Both Apple Mac and Windows PC provide built in speech recognition features for their latest operating systems. Voice command software products on computing devices. A voice-user interface (VUI) makes spoken human interaction with computers possible, using speech recognition to understand spoken commands and answer questions, and typically text to speech to play a reply. A voice command device (VCD) is a device controlled with a voice user interface.
Voice user interfaces have been added to automobiles, home automation systems, computer operating systems, home appliances like washing machines and microwave ovens, and television remote controls. They are the primary way of interacting with virtual assistants on smartphones and smart speakers. Older automated attendants (which route phone calls to the correct extension) and interactive voice response systems (which conduct more complicated transactions over the phone) can respond to the pressing of keypad buttons via DTMF tones, but those with a full voice user interface allow callers to speak requests and responses without having to press any buttons.
Newer VCDs are speaker-independent, so they can respond to multiple voices, regardless of accent or dialectal influences. They are also capable of responding to several commands at once, separating vocal messages, and providing appropriate feedback, accurately imitating a natural conversation.
Voice command software products on Microsoft Windows
Two Microsoft operating systems, Windows 7 and Windows Vista, provide speech recognition capabilities. Microsoft integrated voice commands into their operating systems to provide a mechanism for people who want to limit their use of the mouse and keyboard, but still want to maintain or increase their overall productivity.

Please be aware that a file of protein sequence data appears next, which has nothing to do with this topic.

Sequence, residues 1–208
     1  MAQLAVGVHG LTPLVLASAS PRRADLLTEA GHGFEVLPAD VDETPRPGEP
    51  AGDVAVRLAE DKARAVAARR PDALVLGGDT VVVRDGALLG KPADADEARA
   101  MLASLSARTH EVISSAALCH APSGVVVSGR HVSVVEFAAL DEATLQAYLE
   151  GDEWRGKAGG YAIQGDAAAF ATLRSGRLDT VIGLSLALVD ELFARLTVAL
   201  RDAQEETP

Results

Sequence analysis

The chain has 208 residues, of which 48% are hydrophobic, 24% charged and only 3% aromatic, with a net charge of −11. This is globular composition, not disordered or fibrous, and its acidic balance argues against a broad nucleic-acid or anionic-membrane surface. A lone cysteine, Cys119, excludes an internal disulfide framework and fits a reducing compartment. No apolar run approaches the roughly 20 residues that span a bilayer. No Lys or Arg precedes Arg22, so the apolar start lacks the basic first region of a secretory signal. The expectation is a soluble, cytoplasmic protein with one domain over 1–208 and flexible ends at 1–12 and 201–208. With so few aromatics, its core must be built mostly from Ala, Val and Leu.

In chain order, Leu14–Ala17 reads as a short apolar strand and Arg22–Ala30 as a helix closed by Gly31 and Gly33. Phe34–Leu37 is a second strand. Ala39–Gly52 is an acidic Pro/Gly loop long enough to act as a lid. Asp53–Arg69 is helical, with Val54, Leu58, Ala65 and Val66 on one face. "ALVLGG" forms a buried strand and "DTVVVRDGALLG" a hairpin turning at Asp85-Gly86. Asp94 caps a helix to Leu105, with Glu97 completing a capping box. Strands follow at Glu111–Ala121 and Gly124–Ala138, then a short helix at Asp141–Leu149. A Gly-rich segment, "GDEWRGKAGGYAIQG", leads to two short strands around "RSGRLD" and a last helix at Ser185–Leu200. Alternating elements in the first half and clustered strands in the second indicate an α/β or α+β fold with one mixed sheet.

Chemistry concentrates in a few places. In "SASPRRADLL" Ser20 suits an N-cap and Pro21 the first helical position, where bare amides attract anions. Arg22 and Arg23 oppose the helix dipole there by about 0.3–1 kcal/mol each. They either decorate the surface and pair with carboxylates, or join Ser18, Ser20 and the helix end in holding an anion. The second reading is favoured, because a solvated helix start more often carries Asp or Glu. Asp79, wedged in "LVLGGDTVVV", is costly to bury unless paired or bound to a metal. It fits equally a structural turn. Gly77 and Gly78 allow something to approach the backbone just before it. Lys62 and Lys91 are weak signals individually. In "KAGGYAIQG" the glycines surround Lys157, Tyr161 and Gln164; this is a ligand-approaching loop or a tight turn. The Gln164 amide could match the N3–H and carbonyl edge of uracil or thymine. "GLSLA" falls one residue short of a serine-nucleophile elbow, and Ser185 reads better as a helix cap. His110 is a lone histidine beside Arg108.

With Windows Vista voice control, a user may dictate documents and emails in mainstream applications, start and switch between applications, control the operating system, format documents, save documents, edit files, efficiently correct errors, and fill out forms on the Web. The speech recognition software learns automatically every time a user uses it, and speech recognition is available in English (U.S.), English (U.K.), German (Germany), French (France), Spanish (Spain), Japanese, Chinese (Traditional), and Chinese (Simplified). In addition, the software comes with an interactive tutorial, which can be used to train both the user and the speech recognition engine.
In addition to all the features provided in Windows Vista, Windows 7 provides a wizard for setting up the microphone and a tutorial on how to use the feature.
Mac OS X
All Mac OS X computers come pre-installed with the speech recognition software. The software is user-independent, and it allows for a user to, “navigate menus and enter keyboard shortcuts; speak checkbox names, radio button names, list items, and button names; and open, close, control, and switch among applications.” However, the Apple website recommends a user buy a commercial product called Dictate.
If a user is not satisfied with the built in speech recognition software or a user does not have a built speech recognition software for their OS, then a user may experiment with a commercial product such as Braina Pro or DragonNaturallySpeaking for Windows PCs, and Dictate, the name of the same software for Mac OS.
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